I FOUGHT THE LAW…
In the United States today, patients’ and parents’ rights on mandatory vaccination varies from state to state. All 50 states offer exemptions on one of at least three grounds—medical, religious or philosophical. In New York, exemption is based purely on medical or religious grounds.
“Immunization requirements shall not apply to children whose parent, parents, or guardian hold genuine and sincere religious beliefs which are contrary to the practices herein required,” states New York law.
In some states a signed letter is all that is needed, but in New York, if parents want a religious exemption, a sincerity hearing is required.
“It is not sufficient merely that the beliefs that they assert as grounds for exemption be religious in nature,” the law continues. “It must also be demonstrated that the espoused beliefs are sincerely held.”
In other words, you can’t change religions just to escape immunization laws in New York State.
Sherr v. Northport-East Northport Union Free School District was a 1986 case brought by Alan Sherr, a Long Island doctor who didn’t want to immunize his kids. Sherr now runs the holistic health care practice, Northport Wellness Center.
“I tried to create an opportunity to not vaccinate my kids,” Sherr told the Press in 2009. Sherr’s anti-vaccination stance was grounded in his scientific and medical background and beliefs. At that time there was no religious sincerity exemption; a parent had to belong to a recognized religious group like the Jehovah’s Witnesses or Christian Scientists. Sherr decided to join a “mail order” religious group, the Missionary Temple at Large, Universal Religious Brotherhood. The school district didn’t buy it and neither did the court. Their request for exemption was denied.
“Although the Sherrs’ voiced resistance to vaccination is no doubt sincere, their claims of a sincerely religious basis for their objections to inoculation are not credible,” stated the judge.
But the Sherrs’ fight did change the law. The court found that New York’s limitation of the religious exemptions “violated both the Establishment and Free Exercise clauses of the First Amendment.” The law was changed to a third option: religious sincerity—it doesn’t matter what religion you practice, if it is recognized or not, as long as you are sincere in your beliefs.
Why all the trouble? Why not let those who want their children vaccinated be vaccinated—and those who don’t face the consequences?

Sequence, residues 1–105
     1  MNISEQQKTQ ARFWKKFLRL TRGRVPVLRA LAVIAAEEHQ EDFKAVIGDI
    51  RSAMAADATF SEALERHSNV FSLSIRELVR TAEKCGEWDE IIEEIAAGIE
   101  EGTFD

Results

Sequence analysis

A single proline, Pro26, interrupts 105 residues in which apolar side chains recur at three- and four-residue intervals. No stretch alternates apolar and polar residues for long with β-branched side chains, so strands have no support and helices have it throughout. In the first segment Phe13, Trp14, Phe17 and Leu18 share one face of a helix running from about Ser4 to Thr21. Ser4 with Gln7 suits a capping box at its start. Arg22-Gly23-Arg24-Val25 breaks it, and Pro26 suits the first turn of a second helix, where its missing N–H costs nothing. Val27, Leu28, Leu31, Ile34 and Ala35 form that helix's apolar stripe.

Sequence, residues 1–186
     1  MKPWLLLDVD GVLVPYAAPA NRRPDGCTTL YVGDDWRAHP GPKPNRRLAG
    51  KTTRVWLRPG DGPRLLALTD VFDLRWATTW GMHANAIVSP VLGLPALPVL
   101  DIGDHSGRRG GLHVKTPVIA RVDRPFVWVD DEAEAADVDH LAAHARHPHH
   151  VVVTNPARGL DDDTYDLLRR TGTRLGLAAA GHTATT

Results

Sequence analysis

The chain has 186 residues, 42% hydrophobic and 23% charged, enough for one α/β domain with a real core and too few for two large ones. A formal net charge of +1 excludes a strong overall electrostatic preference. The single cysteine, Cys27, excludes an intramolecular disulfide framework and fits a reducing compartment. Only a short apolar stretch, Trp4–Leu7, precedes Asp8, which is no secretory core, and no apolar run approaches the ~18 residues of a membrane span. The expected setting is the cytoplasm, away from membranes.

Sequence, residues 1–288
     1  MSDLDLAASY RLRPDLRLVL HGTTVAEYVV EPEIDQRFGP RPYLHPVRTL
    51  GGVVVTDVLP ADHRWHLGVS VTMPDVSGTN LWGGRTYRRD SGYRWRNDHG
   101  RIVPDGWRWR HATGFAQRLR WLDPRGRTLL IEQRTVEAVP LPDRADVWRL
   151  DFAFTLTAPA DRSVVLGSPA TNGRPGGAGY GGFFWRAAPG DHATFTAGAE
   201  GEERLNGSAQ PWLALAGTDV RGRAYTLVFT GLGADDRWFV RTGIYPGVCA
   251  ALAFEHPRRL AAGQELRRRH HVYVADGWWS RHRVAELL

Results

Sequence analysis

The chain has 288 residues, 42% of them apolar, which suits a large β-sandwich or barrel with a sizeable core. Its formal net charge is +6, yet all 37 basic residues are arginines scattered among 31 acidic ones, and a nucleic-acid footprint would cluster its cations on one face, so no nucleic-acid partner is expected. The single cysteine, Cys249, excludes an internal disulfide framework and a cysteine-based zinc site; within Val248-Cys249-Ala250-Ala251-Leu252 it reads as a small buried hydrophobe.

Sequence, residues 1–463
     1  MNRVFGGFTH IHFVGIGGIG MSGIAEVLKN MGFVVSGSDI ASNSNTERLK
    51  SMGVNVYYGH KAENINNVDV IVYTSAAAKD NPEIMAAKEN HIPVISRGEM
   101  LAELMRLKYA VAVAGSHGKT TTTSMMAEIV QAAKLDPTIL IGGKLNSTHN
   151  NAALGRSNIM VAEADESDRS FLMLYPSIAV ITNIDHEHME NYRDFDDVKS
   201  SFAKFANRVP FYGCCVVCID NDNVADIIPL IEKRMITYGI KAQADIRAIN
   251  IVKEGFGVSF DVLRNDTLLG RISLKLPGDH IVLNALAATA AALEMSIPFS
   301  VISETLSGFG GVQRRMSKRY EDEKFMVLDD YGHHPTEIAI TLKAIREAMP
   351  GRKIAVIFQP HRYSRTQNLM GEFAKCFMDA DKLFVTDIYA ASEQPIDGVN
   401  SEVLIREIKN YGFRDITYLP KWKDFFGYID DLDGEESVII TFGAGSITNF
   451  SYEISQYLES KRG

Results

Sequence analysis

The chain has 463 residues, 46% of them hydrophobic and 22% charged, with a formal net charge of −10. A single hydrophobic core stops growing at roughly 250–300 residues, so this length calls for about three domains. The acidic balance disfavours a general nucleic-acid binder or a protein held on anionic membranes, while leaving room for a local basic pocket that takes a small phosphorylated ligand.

It’s not so simple, says the medical community.
“When a large percentage of a population is vaccinated against a pathogen, the entire community—both those vaccinated and unvaccinated—receive additional protection,” states Ben Kleifgen, Temple University School of Medicine and Justin Silpe, University of Michigan, both contributors on VaccineEthics.org. “This concept, known as ‘herd immunity,’ is a primary justification for mandatory vaccination policies in the United States.”
This means that an unvaccinated child can not only get sick, but she can infect a vaccinated child, with a deadly disease, or act as a carrier.
In fact, just this week on Long Island, 13 children in the Smithtown school district were said to be infected with pertussis or whooping cough.
Health officials said June 21 that all 13 had been vaccinated against the disease and therefore had milder cases (no vaccine is 100 percent effective).
Pertussis is a highly contagious bacterial infection that causes an uncontrollable, violent cough lasting several weeks or even months.
“The most effective control measure is maintaining the highest possible level of immunization in the community,” says Dr. Kathy Thompson, director of Communicable Diseases for Suffolk County.
Suffolk County Health Commissioner Dr. James Tomarken says whooping cough has become more common in recent years.
“While most individuals will recover fully from pertussis, we are concerned about infants who have not received full immunization and to whom pertussis is particularly dangerous and can be fatal,” he says.
For those on the pro-vaccination side, this kind of herd immunity is one more substantial reason why immunization is necessary. Besides, in 2010, Dr. Wakefield, who produced the most influential study connecting autism and vaccination turned out to be a fabricated hoaxer, didn’t he?